Il Centro Congressi Fondazione Cariplo

The building

The building is situated in an area rich in history. It was built in the late 1600s when it became the resdience of the Confalonieri family, one of the most aristocratic families in Milan.
As proof of these remote origins, the slab on the facade of via Monte di Pietà still boats the name of Federico Confalonieri.
Since the beginning of the 1900s, the Confalonieri house and other neighboring buildings situated along via Monte di Pietà and the cross street, via Andegari, were purchased by the Casse di Risparmio delle Provincie Lombarde (Saving Bank of the Privinces of Lombardy) in view of a future expansion of its offices.
From January 1928 until the early Sixties, the building complex was used for the Tax Collection offices of Milan.

In 1966, after the Tax Collection offices were transferred in 1963, the entire gruop of buildings underwent its first major renovation aimed at housing the facilities and offices of the bank. The team of architects and engineers managed to keep all the facades unaltered, in a uniform style, respecting the original prestgios architecture and the historical memory related to these buildings.
During the renovation work, the remains of ROman walls from the IV century were discovered within Palazzo Confalonieri and, when removing the paint, the valuted ceilings painted with gold decorations were uncoverd, which can still be admired in these halls.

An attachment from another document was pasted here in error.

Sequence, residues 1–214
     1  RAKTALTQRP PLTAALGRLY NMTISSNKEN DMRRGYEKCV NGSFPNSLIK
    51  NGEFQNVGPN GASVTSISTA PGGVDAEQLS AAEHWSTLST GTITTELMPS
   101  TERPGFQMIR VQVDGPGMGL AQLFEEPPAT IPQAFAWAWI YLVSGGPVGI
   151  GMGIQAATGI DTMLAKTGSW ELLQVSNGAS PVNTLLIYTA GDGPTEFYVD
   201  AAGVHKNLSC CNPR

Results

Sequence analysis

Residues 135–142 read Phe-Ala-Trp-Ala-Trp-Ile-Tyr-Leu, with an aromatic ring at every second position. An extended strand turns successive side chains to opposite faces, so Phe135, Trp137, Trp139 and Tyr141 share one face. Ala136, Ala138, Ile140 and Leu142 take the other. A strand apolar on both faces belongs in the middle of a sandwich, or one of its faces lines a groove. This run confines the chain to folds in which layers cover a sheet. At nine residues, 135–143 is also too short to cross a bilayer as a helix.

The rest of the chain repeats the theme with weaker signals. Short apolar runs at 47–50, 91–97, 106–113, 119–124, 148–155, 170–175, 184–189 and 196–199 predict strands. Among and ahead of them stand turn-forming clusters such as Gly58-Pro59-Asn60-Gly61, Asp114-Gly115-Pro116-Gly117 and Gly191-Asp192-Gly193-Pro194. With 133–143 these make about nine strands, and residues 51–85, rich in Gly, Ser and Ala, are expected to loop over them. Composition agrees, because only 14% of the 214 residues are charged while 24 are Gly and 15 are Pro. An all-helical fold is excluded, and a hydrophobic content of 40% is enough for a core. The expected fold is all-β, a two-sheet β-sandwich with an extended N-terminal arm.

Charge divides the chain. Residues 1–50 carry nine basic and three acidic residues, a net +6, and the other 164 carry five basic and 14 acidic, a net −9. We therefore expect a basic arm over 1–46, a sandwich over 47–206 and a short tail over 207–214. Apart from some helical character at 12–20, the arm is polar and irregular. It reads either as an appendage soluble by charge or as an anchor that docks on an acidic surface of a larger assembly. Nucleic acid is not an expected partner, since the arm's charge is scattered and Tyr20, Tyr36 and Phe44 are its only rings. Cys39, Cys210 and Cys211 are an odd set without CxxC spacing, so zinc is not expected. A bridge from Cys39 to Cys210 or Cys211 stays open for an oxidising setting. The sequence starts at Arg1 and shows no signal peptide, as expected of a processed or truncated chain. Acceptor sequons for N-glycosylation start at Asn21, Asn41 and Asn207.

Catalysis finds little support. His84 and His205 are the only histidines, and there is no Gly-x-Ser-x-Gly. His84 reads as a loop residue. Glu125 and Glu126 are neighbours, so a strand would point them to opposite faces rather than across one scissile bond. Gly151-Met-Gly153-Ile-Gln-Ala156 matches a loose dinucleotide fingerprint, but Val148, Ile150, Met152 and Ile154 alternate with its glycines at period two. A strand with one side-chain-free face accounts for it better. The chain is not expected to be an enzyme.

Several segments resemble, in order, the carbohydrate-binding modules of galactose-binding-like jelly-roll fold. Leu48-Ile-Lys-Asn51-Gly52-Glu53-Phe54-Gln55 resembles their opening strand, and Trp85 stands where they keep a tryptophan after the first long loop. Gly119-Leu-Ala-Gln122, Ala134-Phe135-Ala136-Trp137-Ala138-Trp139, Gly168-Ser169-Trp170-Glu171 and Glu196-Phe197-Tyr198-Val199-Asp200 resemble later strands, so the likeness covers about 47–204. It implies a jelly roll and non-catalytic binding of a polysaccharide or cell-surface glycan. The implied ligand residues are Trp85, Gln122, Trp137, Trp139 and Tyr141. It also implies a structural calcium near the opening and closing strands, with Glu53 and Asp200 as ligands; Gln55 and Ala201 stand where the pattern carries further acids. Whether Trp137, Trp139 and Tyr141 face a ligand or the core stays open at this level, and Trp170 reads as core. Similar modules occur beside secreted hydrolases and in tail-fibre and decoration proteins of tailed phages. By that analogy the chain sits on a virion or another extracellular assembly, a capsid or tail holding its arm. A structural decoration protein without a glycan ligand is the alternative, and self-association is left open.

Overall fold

The building has five floors – the Conference Center is now open to the public up to the second floor, while the last two are for offices – and on the two floors below, since the first renovation, the underground garage was created.

The adjancent buildings became the offices for a number of divisions of Cariplo, and it was decided that the Confalonieri huose would be used for a “rapresentation” par excellence, useful for economic and financial meetings and conferences at any level, even internationally.
The Salone dell’Economia Lombarda (Lombard Economics Hall) was then created, along with the other halls that complete the structure.
Recently, the building has required a second renovation, completed in March 2006, aimed at including new technologies and making advanced equipment available while introducing innovative installations for the numerous artitics works of the great cultural heritage owned by the Fondazione Cariplo.